Iranian Luminaries Join Forces to Say No to China Deal

Published by IranWire

More than 100 Iranians from around the world have penned a letter to United Nations Secretary General Antonio Guterres, expressing concern about an upcoming deal between Iran and China which they say will erode Iranian sovereignty. The co-signatories are a remarkable group of luminaries from all walks of life: artists, former cabinet ministers, scholars and journalists.

Among them are scholars such as philosopher Ramin Jahanbegloo, political scientist Mehrzad Boroujerdi and historians Touraj Atabaki, Mohamad Tavakolli-Targhi and Camron Amin, the president of the Association of Iranian Studies. There are Ebi and Dariush, easily the two best-known contemporary Iranian pop singers, joined by comedian Maz Jobrani and Oscar-nominated actor Shohreh Aghdashloo. There are several former cabinet ministers in their ranks, including the veteran women’s rights activist Mahnaz Afkhami, who served as a minister without portfolio in charge of women’s affairs from 1975 to 1978, alongside feminist campaigners of more recent years such as Mehrangiz Kar. Politicians of Iranian origin in other countries have also signed, most prominently Ali Ehsassi, a sitting Canadian MP.

Concerns about China’s undue influence over Iran have long been widespread in Iranian society. Years of US-led sanctions on Iran created an opening for Beijing, which, many Iranians now believe, has taken advantage of the country’s dire economic conditions to further its own interests. But what sparked this particular letter were recent reports of a 25-year “strategic partnership agreement” between Iran and China, the text of which was leaked to IranWire in July.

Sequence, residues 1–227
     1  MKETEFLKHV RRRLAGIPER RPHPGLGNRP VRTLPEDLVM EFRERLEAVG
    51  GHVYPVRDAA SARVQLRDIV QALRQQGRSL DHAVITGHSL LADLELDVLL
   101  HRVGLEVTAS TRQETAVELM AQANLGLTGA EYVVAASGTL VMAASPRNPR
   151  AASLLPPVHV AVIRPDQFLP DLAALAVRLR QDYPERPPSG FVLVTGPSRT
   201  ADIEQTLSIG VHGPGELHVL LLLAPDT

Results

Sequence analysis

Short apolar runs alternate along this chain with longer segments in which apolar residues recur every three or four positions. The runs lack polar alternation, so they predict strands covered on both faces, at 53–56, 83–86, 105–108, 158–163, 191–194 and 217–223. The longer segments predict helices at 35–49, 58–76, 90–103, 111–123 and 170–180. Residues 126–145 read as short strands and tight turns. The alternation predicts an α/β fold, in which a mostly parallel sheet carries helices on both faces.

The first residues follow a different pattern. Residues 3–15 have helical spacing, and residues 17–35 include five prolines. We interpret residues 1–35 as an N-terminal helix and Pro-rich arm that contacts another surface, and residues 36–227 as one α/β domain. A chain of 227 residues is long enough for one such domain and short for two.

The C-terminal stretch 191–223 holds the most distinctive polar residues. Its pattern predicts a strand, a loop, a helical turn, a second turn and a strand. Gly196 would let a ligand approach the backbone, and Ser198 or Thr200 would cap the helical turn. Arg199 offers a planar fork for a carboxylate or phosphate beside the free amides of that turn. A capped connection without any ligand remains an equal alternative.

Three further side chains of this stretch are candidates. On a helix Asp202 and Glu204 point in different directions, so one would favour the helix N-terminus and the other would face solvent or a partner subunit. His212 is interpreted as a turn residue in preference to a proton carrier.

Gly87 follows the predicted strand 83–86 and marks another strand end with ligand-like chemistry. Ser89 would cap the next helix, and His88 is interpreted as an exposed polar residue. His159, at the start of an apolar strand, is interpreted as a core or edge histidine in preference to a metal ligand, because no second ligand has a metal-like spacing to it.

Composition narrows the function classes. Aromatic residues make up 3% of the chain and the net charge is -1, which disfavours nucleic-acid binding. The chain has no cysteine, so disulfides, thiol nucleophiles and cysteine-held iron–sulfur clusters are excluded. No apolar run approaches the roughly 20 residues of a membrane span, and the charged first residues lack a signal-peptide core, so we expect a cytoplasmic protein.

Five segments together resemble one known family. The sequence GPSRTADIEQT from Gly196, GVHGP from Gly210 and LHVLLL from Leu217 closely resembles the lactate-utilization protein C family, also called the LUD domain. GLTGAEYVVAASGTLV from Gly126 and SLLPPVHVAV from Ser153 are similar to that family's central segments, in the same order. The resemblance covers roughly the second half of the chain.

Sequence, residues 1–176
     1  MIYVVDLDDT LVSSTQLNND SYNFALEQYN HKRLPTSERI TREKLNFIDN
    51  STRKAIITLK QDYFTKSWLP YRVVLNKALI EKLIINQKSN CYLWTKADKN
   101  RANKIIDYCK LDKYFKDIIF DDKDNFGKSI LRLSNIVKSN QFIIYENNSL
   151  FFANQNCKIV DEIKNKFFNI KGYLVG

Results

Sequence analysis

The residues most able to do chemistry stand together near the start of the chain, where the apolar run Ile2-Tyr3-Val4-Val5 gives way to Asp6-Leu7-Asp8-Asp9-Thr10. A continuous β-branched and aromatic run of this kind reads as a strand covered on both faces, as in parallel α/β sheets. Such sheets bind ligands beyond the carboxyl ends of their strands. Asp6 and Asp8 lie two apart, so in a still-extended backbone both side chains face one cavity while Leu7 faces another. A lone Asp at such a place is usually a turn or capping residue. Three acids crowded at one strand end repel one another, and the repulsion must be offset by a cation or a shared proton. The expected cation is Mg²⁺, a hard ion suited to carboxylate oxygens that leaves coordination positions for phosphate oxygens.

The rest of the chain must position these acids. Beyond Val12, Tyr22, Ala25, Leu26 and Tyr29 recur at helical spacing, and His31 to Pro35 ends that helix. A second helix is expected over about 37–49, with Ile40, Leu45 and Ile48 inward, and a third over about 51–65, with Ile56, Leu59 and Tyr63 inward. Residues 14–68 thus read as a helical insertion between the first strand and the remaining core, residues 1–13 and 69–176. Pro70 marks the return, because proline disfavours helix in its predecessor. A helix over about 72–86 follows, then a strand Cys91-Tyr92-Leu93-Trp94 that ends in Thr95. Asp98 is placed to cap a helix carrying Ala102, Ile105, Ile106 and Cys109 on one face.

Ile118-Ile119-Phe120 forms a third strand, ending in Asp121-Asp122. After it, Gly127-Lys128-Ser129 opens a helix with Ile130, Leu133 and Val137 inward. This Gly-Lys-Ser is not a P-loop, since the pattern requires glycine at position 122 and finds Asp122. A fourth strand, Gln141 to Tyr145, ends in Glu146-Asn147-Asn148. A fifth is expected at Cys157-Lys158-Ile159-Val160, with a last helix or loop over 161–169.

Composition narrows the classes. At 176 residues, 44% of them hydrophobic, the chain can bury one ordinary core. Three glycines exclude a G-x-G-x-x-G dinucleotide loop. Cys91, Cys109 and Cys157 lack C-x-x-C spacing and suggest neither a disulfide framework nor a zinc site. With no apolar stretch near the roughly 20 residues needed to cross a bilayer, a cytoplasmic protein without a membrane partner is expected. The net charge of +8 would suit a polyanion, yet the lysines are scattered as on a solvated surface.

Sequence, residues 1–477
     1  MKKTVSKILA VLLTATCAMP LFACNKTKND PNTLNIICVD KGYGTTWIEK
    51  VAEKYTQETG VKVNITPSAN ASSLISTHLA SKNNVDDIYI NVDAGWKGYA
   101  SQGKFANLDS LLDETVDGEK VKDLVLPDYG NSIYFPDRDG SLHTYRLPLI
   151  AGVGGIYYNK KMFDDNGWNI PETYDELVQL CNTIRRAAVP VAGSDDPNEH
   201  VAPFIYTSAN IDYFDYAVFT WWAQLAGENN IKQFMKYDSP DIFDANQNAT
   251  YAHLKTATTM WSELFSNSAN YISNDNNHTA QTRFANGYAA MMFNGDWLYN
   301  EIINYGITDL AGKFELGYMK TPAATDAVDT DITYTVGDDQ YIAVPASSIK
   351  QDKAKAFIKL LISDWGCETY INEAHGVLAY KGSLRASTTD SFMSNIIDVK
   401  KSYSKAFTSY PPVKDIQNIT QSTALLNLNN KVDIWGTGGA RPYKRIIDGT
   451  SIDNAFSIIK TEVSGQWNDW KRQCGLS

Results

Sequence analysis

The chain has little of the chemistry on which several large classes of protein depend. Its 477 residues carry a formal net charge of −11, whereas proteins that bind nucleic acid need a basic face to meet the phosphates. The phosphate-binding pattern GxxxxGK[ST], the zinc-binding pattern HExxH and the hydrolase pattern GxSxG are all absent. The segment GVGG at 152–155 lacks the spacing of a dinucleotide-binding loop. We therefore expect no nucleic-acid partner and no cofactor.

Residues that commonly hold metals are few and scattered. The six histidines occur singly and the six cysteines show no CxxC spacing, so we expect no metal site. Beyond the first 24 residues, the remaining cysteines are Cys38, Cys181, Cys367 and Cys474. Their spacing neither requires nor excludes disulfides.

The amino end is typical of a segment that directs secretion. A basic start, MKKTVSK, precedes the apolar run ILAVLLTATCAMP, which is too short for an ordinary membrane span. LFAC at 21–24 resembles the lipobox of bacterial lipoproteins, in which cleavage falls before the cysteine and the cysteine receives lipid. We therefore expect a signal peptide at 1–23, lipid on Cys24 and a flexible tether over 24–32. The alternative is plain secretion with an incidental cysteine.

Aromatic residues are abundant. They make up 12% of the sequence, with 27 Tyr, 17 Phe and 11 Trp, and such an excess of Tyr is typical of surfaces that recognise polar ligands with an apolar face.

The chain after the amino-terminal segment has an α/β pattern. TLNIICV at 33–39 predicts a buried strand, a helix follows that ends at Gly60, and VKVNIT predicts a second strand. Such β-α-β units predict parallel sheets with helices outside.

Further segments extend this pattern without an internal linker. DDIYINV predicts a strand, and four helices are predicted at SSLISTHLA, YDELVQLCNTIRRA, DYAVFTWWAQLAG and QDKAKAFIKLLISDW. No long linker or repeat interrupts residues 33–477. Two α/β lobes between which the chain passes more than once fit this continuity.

Comprehensive and heavily weighted in China’s favor, the deal has its roots in a visit by Chinese president Xi Jinping to Iran in early 2016, whereupon he promised a “new chapter” in the countries’ bilateral relations. Since then, Trump’s adoption of a “maximum pressure” policy against Iran has made Iran ever more desperate – and thus vulnerable to an unequal and exploitative relationship with China.

The threat to broad Iranian interests, Ali Ehsassi told IranWire, was what brought such a diverse group of people together in protest. He added that it had been “entirely a collective and collaborative effort from start to finish.”